ROME (JTA) -- The official Israeli government Web site for Pope Benedict XVI's upcoming trip to Israel and the West Bank promotes the May 11-15 visit as a "Bridge for Peace."
The Shi Jia school put on events over the last two years to teach the students about Israel, how to say "Shalom," even had its students Skype with a school in Jerusalem. Of course, the school was following the progress of Israeli athletes along with China's.
Britains' Sky News reports from Tel Aviv on an Israeli advertising campaign to sex up its image.
Calcutta's kaleidoscope of teeming streets, sprawling markets and chaotic taxis has always mesmerized me.
At times, it seems as though all 10 million denizens of this eastern Indian metropolis are roaming the city at once, surging in tidal waves, an urban sea of humanity. It was here that Mother Teresa pursued her humanitarian mission for almost 70 years.
My wife, Simone, and I have visited Calcutta (now called Kolkata) often, setting aside time to plod our way through the cacophonous traffic along Chandra Bose Road to the calm oasis of Mother Teresa's shelter for children, Shishu Bhavan. We would spend a day or two volunteering, as do so many others from around the world, to care for the youngsters. The volunteers always included Jews, who were welcomed as all others in this basically Catholic institution.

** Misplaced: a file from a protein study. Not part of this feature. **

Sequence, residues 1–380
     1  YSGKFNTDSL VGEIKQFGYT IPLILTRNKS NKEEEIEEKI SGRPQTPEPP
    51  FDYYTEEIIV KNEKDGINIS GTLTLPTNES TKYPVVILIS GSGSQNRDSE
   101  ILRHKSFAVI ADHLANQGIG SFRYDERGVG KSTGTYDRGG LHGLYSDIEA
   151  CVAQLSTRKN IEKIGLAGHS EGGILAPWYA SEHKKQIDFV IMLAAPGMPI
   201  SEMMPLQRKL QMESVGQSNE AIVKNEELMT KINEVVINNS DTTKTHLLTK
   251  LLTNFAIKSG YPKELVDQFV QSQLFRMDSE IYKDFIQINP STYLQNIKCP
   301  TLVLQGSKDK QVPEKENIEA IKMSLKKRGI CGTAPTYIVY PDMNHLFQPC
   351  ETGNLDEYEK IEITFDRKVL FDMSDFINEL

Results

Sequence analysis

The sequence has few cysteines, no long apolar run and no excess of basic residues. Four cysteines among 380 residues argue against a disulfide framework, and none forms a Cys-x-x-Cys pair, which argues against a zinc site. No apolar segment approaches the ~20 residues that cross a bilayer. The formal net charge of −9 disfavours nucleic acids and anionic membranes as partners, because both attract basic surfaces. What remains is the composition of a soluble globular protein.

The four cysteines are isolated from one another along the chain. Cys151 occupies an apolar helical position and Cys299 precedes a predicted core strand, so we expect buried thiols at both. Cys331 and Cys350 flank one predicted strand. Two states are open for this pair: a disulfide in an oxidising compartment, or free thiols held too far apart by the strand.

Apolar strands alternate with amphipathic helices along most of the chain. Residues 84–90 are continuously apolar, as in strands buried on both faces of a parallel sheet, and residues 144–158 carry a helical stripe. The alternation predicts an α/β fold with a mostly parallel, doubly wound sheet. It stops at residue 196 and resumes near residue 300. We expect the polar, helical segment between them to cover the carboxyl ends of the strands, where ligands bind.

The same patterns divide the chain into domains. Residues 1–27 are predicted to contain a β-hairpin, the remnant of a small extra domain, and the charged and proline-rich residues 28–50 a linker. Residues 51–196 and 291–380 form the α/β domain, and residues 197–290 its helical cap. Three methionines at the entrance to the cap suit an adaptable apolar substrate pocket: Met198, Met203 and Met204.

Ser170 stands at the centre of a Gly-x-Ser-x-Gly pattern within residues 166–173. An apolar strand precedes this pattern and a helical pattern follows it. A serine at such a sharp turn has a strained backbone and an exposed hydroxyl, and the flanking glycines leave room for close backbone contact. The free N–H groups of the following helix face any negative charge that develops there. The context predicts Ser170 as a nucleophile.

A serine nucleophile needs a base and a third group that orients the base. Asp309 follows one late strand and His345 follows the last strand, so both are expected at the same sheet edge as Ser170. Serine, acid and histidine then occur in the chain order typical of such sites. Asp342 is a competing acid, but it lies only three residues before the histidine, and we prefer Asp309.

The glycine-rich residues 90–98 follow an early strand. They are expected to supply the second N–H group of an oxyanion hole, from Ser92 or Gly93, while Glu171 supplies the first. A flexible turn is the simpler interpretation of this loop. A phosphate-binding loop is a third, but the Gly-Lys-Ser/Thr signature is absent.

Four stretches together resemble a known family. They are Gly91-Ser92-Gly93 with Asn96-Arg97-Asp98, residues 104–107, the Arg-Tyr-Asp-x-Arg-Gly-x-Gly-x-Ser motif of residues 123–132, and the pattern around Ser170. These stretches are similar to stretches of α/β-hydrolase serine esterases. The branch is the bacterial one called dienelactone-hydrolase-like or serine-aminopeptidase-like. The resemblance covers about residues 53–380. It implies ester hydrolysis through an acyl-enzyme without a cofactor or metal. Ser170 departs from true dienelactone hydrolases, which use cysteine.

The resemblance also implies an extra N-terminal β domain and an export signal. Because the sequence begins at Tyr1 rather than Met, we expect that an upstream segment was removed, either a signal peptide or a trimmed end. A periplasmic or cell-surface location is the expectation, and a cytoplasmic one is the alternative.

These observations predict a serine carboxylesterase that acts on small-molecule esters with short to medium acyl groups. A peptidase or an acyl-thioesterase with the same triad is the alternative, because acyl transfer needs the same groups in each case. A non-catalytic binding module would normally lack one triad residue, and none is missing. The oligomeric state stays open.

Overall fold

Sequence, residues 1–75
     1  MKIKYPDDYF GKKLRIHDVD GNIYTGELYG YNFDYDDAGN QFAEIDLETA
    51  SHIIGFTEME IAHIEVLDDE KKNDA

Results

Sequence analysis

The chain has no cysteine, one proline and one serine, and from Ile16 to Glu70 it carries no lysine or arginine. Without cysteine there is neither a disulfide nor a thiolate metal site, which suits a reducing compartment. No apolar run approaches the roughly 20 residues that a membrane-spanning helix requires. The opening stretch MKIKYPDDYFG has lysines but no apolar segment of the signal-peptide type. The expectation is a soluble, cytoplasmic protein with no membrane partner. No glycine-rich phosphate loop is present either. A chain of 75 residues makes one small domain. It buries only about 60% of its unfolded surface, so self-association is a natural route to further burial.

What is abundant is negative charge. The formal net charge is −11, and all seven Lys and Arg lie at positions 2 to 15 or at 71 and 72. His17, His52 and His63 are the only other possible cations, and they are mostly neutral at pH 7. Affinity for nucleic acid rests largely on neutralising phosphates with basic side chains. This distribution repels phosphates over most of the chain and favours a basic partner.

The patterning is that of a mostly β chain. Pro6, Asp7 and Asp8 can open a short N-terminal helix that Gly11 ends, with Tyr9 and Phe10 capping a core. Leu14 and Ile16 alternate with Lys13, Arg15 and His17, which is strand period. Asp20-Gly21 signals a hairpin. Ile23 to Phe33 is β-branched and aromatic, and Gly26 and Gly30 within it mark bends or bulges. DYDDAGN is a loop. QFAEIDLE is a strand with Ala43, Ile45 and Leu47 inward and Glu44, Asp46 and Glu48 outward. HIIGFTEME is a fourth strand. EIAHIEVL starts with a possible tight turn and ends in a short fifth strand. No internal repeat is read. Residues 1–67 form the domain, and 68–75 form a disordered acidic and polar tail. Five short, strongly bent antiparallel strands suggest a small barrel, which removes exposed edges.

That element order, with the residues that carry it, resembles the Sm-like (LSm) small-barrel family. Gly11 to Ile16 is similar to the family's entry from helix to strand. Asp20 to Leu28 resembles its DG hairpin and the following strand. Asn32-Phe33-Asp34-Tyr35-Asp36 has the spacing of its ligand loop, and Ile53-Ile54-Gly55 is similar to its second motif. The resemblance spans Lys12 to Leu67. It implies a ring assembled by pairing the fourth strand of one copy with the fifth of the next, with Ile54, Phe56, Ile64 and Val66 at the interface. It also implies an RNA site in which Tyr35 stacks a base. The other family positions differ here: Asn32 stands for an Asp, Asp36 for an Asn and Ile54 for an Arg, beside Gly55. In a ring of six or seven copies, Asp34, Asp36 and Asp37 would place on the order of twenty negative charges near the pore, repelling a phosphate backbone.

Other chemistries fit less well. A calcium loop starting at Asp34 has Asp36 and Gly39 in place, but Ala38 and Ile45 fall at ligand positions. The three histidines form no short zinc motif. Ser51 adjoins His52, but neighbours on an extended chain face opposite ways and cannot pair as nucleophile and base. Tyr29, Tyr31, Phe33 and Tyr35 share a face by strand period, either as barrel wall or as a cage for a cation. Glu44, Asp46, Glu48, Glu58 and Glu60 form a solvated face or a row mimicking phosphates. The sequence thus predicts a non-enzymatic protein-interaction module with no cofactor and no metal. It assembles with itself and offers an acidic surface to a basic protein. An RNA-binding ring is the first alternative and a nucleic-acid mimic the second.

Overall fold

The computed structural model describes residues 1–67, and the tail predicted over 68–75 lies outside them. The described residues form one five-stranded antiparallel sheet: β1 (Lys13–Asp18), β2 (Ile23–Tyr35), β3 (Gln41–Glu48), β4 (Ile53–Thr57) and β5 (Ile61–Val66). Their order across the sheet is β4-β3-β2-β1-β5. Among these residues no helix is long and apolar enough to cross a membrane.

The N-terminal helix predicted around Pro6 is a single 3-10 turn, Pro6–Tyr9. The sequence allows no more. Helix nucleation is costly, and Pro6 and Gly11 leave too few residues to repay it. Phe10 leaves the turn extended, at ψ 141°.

There were important issues on the agenda when Russian President Vladimir Putin visited Israel last week. Still, Russian newspapers seemed most impressed that Putin -- the first Russian or Soviet leader to visit the Jewish state -- wore a kippah on his head when he visited Yad Vashem.
As the old song goes: "I love Paris in the springtime. I love Paris in the fall." But for many Jews, Paris, and all of France, is not at the top of their visitor's hit parade, because of the anti-Semitic activities that have plagued that country in recent times.